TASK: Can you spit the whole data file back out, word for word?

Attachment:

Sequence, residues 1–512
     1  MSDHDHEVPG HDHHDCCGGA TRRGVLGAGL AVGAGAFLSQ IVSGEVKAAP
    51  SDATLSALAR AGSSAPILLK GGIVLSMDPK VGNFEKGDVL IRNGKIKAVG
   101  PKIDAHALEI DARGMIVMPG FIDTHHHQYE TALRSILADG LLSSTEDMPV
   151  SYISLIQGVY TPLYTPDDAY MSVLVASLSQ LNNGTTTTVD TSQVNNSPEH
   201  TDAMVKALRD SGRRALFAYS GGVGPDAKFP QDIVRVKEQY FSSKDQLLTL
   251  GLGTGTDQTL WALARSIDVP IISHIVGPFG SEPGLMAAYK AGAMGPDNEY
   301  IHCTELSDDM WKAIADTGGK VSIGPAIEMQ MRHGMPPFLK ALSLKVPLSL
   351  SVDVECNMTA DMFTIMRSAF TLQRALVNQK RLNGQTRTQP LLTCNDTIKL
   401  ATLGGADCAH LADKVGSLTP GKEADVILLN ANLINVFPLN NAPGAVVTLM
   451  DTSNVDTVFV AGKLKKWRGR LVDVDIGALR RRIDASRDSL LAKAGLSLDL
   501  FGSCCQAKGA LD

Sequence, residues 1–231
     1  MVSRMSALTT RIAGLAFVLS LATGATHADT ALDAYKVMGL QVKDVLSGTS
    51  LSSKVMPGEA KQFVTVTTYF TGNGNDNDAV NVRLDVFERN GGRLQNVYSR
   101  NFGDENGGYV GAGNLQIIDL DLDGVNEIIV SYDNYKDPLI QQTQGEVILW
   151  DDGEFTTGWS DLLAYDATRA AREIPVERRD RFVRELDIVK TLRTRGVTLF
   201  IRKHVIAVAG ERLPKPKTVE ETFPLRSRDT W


Sequence, residues 1–512
     1  MSDHDHEVPG HDHHDCCGGA TRRGVLGAGL AVGAGAFLSQ IVSGEVKAAP
    51  SDATLSALAR AGSSAPILLK GGIVLSMDPK VGNFEKGDVL IRNGKIKAVG
   101  PKIDAHALEI DARGMIVMPG FIDTHHHQYE TALRSILADG LLSSTEDMPV
   151  SYISLIQGVY TPLYTPDDAY MSVLVASLSQ LNNGTTTTVD TSQVNNSPEH
   201  TDAMVKALRD SGRRALFAYS GGVGPDAKFP QDIVRVKEQY FSSKDQLLTL
   251  GLGTGTDQTL WALARSIDVP IISHIVGPFG SEPGLMAAYK AGAMGPDNEY
   301  IHCTELSDDM WKAIADTGGK VSIGPAIEMQ MRHGMPPFLK ALSLKVPLSL
   351  SVDVECNMTA DMFTIMRSAF TLQRALVNQK RLNGQTRTQP LLTCNDTIKL
   401  ATLGGADCAH LADKVGSLTP GKEADVILLN ANLINVFPLN NAPGAVVTLM
   451  DTSNVDTVFV AGKLKKWRGR LVDVDIGALR RRIDASRDSL LAKAGLSLDL
   501  FGSCCQAKGA LD

Sequence, residues 1–231
     1  MVSRMSALTT RIAGLAFVLS LATGATHADT ALDAYKVMGL QVKDVLSGTS
    51  LSSKVMPGEA KQFVTVTTYF TGNGNDNDAV NVRLDVFERN GGRLQNVYSR
   101  NFGDENGGYV GAGNLQIIDL DLDGVNEIIV SYDNYKDPLI QQTQGEVILW
   151  DDGEFTTGWS DLLAYDATRA AREIPVERRD RFVRELDIVK TLRTRGVTLF
   201  IRKHVIAVAG ERLPKPKTVE ETFPLRSRDT W